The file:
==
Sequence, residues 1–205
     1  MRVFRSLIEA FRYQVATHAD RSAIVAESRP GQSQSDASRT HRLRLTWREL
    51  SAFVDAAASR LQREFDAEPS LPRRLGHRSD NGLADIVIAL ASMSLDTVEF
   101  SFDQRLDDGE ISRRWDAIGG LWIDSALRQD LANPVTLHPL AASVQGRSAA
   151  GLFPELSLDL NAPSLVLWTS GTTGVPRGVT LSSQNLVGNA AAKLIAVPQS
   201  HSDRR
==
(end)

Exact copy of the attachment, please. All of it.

Sequence, residues 1–205
     1  MRVFRSLIEA FRYQVATHAD RSAIVAESRP GQSQSDASRT HRLRLTWREL
    51  SAFVDAAASR LQREFDAEPS LPRRLGHRSD NGLADIVIAL ASMSLDTVEF
   101  SFDQRLDDGE ISRRWDAIGG LWIDSALRQD LANPVTLHPL AASVQGRSAA
   151  GLFPELSLDL NAPSLVLWTS GTTGVPRGVT LSSQNLVGNA AAKLIAVPQS
   201  HSDRR